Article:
The new Chair will join the organisation at a difficult time. Other tourism bodies (MIY supervises the work of “Visit York”) like “Welcome to Yorkshire” have been criticised for having a cavalier approach to the use of public funds.

MIY itself has been involved in wrangles with local traders and is often accused of a lack of transparency in its processes.

It is 100% owned by the City of York Council.

A review of governance arrangement is overdue.

Fall-out from Balloon Fiesta noise complaints

The Council has admitted that it received a lot of complaints about noise levels experienced during the Balloon Fiesta which took place on the Knavesmire at the end of September.

The noise complaints didn’t relate to the balloons themselves (which mostly failed to get off the ground because of weather conditions).

The event was organised by Events and Attractions Limited, a York based company.

Officials of the Council firmly put the blame for lack of control on the premises license holder for the Knavesmire. This they identify as “Make it York”.

 Make it York is the secretive QUANGO set up by the Council several years ago to run tourism and promotional events in the City.  

Make it York were apparently told that a statutory noise nuisance was witnessed by Council officials over weekend of the 27th and 28th September.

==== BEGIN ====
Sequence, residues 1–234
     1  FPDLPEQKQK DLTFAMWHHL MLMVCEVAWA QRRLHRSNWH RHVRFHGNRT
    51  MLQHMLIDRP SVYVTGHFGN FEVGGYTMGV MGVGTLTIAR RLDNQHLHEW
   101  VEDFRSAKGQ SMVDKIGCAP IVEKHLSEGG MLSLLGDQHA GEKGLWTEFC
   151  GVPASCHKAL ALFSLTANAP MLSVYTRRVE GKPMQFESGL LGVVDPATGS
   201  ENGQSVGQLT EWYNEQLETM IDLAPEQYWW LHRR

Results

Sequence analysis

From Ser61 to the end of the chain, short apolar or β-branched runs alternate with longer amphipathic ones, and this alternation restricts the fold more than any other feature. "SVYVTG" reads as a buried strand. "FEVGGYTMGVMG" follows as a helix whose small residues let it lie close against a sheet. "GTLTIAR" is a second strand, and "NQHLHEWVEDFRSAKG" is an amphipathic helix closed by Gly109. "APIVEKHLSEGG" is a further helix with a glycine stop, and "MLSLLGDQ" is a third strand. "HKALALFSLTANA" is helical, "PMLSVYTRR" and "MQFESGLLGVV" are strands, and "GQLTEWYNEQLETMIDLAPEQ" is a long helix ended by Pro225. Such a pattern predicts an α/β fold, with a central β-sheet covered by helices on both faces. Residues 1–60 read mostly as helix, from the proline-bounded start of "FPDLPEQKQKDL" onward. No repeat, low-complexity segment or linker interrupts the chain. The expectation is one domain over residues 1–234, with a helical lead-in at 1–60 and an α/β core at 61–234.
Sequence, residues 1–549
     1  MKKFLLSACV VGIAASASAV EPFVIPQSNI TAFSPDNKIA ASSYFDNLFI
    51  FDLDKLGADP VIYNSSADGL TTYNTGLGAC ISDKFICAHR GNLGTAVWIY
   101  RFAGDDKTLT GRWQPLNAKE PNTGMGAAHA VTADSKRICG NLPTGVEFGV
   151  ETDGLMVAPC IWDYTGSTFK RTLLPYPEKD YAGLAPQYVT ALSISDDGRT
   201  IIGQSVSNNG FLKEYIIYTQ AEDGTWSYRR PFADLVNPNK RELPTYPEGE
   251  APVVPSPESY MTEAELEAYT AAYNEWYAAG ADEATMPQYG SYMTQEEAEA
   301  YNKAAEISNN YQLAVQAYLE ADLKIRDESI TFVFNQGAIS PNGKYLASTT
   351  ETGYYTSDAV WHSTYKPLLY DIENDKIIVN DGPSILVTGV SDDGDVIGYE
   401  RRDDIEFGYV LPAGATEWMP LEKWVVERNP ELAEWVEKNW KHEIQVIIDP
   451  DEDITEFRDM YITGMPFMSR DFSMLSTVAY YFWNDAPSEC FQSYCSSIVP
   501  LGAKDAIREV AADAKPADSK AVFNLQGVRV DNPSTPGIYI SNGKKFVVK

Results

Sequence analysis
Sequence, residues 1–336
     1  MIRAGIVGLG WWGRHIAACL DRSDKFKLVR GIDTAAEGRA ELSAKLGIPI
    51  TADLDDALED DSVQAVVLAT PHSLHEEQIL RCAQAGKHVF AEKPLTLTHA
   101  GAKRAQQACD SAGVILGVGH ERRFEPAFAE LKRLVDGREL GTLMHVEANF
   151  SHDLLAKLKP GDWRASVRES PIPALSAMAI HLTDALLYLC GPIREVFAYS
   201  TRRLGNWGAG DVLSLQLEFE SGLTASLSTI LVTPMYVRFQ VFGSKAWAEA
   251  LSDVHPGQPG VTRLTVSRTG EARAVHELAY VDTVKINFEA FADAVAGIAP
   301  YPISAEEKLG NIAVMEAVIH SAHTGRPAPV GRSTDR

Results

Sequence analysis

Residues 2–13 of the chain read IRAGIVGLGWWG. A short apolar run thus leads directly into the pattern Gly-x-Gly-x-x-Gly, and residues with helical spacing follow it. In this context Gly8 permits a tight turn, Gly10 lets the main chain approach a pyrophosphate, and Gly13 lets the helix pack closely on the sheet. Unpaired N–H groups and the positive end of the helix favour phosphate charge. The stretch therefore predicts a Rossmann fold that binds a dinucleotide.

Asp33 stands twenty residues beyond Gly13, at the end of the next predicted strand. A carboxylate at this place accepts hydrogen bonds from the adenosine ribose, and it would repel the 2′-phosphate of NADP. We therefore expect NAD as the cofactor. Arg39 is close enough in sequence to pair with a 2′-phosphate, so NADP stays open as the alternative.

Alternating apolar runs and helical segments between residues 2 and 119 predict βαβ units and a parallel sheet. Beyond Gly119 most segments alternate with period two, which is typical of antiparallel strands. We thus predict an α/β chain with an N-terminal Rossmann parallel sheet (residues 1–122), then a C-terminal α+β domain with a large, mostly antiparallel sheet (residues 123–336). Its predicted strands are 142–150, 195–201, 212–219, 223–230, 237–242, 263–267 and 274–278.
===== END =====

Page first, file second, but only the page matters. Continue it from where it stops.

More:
According to an email seen by a local Councillor,

Make it York were asked to provide details of how they were going to prevent any further recurrences of noise nuisance from events at the Knavesmire and they have, as a result, submitted an application for a minor variation to the existing  premises licence. This application requests that an additional condition is added to the existing premises licence and will require Make it York to submit a noise management plan for approval by City of York Council within two months of the licence being varied. Once approved the noise management plan would be implemented immediately for any events held on the Knavesmire and operated under the premises licence”.

“It is anticipated that any submitted noise management plan will identify all potential noise sources associated with events taking place on the and provide details on strategies which will be implemented to minimise the disturbance caused to residents from those sources, especially those activities where amplified music is involved. It is also anticipated that any submitted noise management plan will also detail methods for monitoring and controlling the noise and how Make it York will respond to any noise complaint received in the future.

 As a result of the above it is the view of officers in Public Protection that such a condition should, if implemented correctly and adhered to, result in any noise from events taking place on the Knavesmire, and operated under the premises licence, being reduced to a satisfactory level such that it shouldn’t cause any further noise nuisance”.